By Jeremy Ross


CHICAGO (CBS) — United States Rep. Bobby Rush has asked the FBI to help in the investigation into if Chicago has a serial killer or serial killers on its streets.

“They found my cousin in a dumpster, and nobody can tell me how, why, what was her last words,” said Riccardo Holyfield.

At a panel discussion organized by Rush, Holyfield spoke about dozens of Chicago deaths that share similarities and growing concern around them.

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Since 2001 more than 50 women have been beaten, raped, strangled and had their bodies dumped in secluded places, some set on fire.

“I’m here to keep everybody aware that this can be stopped if we do something,” Holyfield said.

As the CBS 2 Investigators reported, Thomas Hargrove of the Murder Accountability Project believes similarities in many of the cases point to a possible serial killer as early as 2004.

He said almost all the 51 killings he’s scrutinizing occurred in places like alleys, involving trash bins or abandoned buildings; and it’s possible the killer or killers are using public transportation based on the locations of the crimes.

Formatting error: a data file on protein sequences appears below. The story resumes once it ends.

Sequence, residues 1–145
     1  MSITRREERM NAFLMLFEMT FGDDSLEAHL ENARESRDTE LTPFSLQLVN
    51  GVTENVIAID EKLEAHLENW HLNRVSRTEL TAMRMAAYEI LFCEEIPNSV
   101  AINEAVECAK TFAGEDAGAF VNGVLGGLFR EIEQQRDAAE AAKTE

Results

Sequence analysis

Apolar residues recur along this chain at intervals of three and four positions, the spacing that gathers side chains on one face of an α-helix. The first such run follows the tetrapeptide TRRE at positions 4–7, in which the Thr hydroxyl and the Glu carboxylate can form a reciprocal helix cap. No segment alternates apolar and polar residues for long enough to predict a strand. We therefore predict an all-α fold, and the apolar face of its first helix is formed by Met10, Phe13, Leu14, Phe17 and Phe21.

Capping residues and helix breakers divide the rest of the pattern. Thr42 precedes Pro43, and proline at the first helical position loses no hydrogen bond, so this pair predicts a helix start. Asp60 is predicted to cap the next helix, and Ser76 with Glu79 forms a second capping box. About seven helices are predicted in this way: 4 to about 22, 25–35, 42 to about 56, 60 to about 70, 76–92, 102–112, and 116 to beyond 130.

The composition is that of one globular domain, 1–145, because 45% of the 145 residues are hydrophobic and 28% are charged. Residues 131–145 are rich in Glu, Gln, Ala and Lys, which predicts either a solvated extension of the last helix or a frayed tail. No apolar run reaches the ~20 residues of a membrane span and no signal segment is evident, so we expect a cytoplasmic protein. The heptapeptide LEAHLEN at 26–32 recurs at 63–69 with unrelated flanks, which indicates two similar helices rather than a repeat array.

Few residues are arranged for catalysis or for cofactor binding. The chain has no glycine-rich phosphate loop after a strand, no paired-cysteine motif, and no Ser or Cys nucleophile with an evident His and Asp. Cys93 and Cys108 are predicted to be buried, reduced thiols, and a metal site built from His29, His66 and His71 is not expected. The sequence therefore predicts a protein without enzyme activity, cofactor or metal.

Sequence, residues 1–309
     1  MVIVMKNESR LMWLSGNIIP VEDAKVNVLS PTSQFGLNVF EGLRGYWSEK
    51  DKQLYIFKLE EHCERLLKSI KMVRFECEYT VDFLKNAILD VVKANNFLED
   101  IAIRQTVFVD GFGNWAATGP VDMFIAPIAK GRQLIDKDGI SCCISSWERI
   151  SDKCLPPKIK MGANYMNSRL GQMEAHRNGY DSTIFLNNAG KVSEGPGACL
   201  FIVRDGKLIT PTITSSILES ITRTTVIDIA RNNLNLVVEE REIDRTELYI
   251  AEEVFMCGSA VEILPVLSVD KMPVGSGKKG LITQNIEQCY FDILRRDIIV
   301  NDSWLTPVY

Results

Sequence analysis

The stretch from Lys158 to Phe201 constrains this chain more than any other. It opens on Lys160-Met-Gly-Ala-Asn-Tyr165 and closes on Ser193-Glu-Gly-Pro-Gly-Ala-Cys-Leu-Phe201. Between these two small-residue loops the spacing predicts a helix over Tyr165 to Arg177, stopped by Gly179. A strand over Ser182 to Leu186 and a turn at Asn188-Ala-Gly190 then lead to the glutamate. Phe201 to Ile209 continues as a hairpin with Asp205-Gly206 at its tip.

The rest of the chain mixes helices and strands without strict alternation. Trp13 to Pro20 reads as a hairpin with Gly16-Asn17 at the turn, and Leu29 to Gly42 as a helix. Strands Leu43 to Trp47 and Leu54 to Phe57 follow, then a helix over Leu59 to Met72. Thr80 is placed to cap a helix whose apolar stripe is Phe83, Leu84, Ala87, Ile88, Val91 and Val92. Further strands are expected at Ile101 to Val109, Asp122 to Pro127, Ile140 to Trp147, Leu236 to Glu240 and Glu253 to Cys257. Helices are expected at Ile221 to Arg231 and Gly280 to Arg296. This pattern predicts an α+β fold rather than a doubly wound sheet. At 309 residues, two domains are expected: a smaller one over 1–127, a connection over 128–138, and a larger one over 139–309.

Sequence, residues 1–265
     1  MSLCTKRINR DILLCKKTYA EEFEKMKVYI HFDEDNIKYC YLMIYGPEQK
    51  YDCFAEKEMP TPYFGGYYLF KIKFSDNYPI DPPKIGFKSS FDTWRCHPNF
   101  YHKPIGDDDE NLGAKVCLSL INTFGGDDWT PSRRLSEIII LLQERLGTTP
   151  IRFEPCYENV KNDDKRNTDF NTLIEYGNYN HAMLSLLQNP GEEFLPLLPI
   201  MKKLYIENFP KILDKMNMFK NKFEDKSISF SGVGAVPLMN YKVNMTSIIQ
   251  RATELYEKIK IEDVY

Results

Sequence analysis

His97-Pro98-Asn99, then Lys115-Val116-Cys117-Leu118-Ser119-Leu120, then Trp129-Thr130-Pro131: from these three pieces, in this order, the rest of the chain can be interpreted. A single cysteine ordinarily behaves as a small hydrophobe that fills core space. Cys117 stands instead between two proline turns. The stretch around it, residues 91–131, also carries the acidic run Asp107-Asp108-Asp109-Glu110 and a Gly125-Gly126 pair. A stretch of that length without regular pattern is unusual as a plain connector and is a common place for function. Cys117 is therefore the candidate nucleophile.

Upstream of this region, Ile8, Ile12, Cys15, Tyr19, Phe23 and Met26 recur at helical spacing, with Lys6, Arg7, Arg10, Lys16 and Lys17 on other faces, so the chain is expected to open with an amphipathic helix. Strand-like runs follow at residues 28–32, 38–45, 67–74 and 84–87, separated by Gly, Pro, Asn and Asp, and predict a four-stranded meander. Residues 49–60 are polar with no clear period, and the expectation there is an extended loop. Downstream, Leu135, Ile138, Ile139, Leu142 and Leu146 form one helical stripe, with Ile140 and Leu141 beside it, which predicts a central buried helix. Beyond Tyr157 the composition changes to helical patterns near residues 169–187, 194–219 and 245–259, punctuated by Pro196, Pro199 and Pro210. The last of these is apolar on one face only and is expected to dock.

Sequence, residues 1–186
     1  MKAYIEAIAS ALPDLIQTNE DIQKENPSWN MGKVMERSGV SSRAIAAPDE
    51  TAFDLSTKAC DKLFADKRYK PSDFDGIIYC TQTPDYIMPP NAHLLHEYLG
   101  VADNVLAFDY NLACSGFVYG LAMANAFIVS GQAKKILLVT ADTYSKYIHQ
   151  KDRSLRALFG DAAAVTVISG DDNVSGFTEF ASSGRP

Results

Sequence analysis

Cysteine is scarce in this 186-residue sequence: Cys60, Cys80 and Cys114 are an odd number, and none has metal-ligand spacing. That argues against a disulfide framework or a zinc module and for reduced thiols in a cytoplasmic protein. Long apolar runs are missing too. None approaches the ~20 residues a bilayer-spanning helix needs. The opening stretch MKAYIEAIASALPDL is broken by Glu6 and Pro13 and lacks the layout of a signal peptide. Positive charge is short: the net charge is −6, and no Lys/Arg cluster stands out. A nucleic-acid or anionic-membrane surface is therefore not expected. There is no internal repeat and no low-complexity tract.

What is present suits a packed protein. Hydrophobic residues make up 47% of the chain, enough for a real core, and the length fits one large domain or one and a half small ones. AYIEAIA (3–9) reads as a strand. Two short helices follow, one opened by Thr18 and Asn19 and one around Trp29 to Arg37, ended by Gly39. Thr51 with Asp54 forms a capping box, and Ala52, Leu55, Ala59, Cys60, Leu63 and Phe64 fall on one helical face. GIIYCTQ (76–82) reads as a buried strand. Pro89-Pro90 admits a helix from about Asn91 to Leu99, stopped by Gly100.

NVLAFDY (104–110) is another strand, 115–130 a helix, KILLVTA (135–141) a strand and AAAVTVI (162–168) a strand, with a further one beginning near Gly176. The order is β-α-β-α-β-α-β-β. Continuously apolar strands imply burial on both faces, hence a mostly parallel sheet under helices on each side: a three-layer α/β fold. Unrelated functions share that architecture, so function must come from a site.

Most victims are described as African American women in their mid 30s.

“Most of these victims were sex workers,” Hargrove said. “Victims disproportionately had histories of sex work, illicit drug use, or both; and this historically is identified as a preferred victim type for serial killers.”

In a panel discussion law enforcement said they’re finished with the forensic analysis of all the evidence and added they’ve found 21 different DNA profiles among 51 women.

But all of those profiles are unknown at this time. No matches have been found.

“Every single swab, every single fingernail, every single thing has been worked up at this time,” Chicago Police Deputy Chief of Detectives Brendan Deenihan said.

There is a call for communities to better watch abandoned buildings and light streets better.

Police also emphasize that people should be more aware of their surroundings.